We are independent & ad-supported. We may earn a commission for purchases made through our links.
Advertiser Disclosure
Our website is an independent, advertising-supported platform. We provide our content free of charge to our readers, and to keep it that way, we rely on revenue generated through advertisements and affiliate partnerships. This means that when you click on certain links on our site and make a purchase, we may earn a commission. Learn more.
How We Make Money
We sustain our operations through affiliate commissions and advertising. If you click on an affiliate link and make a purchase, we may receive a commission from the merchant at no additional cost to you. We also display advertisements on our website, which help generate revenue to support our work and keep our content free for readers. Our editorial team operates independently of our advertising and affiliate partnerships to ensure that our content remains unbiased and focused on providing you with the best information and recommendations based on thorough research and honest evaluations. To remain transparent, we’ve provided a list of our current affiliate partners here.

What is Carcinoma in Situ?

By Amy Hunter
Updated Mar 03, 2024
Our promise to you
The Health Board is dedicated to creating trustworthy, high-quality content that always prioritizes transparency, integrity, and inclusivity above all else. Our ensure that our content creation and review process includes rigorous fact-checking, evidence-based, and continual updates to ensure accuracy and reliability.

Our Promise to you

Founded in 2002, our company has been a trusted resource for readers seeking informative and engaging content. Our dedication to quality remains unwavering—and will never change. We follow a strict editorial policy, ensuring that our content is authored by highly qualified professionals and edited by subject matter experts. This guarantees that everything we publish is objective, accurate, and trustworthy.

Over the years, we've refined our approach to cover a wide range of topics, providing readers with reliable and practical advice to enhance their knowledge and skills. That's why millions of readers turn to us each year. Join us in celebrating the joy of learning, guided by standards you can trust.

Editorial Standards

At The Health Board, we are committed to creating content that you can trust. Our editorial process is designed to ensure that every piece of content we publish is accurate, reliable, and informative.

Our team of experienced writers and editors follows a strict set of guidelines to ensure the highest quality content. We conduct thorough research, fact-check all information, and rely on credible sources to back up our claims. Our content is reviewed by subject-matter experts to ensure accuracy and clarity.

We believe in transparency and maintain editorial independence from our advertisers. Our team does not receive direct compensation from advertisers, allowing us to create unbiased content that prioritizes your interests.

Carcinoma in situ is an early form of carcinoma that has not moved into surrounding tissues. It does not typically form a tumor, although there are a few exceptions to this. This type of carcinoma typically grows in a flat patch or along the curve of the body where it is located. While carcinoma in situ itself is not invasive or malignant, if left untreated, it can develop into an invasive form of carcinoma. Most doctors refer to it as a pre-cancer, and want to remove the lesion before it has a chance to develop into a malignant form of carcinoma.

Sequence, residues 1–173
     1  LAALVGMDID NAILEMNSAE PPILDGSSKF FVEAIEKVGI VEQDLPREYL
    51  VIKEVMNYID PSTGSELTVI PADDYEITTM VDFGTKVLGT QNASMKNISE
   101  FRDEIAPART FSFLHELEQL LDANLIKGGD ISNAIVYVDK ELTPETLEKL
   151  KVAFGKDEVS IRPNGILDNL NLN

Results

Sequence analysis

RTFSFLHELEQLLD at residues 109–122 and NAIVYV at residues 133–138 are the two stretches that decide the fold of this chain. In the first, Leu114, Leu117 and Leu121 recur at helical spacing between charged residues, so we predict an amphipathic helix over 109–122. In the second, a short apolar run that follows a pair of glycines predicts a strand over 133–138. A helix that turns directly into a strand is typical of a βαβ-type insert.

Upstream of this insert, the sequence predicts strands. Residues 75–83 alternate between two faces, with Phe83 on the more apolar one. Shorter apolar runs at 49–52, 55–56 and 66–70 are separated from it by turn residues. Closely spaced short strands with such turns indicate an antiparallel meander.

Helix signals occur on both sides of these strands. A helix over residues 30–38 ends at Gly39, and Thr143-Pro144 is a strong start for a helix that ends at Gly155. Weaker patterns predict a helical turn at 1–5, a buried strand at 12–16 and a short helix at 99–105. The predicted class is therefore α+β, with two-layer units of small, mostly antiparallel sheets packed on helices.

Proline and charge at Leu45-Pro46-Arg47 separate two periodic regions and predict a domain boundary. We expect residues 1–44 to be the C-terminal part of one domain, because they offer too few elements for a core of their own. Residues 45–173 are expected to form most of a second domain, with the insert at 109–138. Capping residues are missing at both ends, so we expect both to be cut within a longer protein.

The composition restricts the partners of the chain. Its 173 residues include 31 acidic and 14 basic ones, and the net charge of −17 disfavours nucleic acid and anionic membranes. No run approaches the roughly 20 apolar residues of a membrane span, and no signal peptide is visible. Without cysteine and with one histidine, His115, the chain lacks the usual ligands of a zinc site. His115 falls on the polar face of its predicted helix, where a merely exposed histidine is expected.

Some of the different forms of carcinoma in situ include bladder and cervical cancers, ductal carcinoma in situ, which is a form of breast cancer, colon polyps, and Bowen's disease, which is carcinoma of the skin. The only form considered deadly is bronchioloalveolar carcinoma. This condition develops in the lung, eventually expanding to fill the lung, making it impossible to breathe. Bronchioloalveolar carcinoma is malignant, so its classification in this group of carcinomas is controversial.

One common form of carcinoma in situ is Bowen's disease. Bowen's disease is an early form of squamous cell carcinoma. Bowen's disease is more common in women than men, and can develop anywhere on the body. It is triggered by sun damage, immune suppression, viral infections, or because of skin injury. Bowen's disease begins as an enlarged area with an irregular border, and, left alone, may become malignant. A physician removes the plaque in one of several ways; with local chemotherapy, freezing it using cryotherapy, or surgically.

Some forms of carcinoma in situ do develop into tumors if left untreated. Colon polyps and some forms of breast cancer are both examples of malignant tumors that begin as carcinoma in situ. Regardless of whether the carcinoma is located in a spot where it is likely to develop into a tumor or not, it is important that it be removed as quickly as possible.

Carcinoma in situ is not malignant or invasive, so there are no stray cancerous cells outside of the area of carcinoma. This means that removing the carcinoma will eliminate the risk of cancer. The method of removal depends on where the carcinoma is located. Doctors remove some carcinomas, such as colon polyps nonsurgically with an endoscope. Others require surgical removal, and still others are removed with a laser.

The Health Board is dedicated to providing accurate and trustworthy information. We carefully select reputable sources and employ a rigorous fact-checking process to maintain the highest standards. To learn more about our commitment to accuracy, read our editorial process.
Discussion Comments
The Health Board, in your inbox

Our latest articles, guides, and more, delivered daily.

The Health Board, in your inbox

Our latest articles, guides, and more, delivered daily.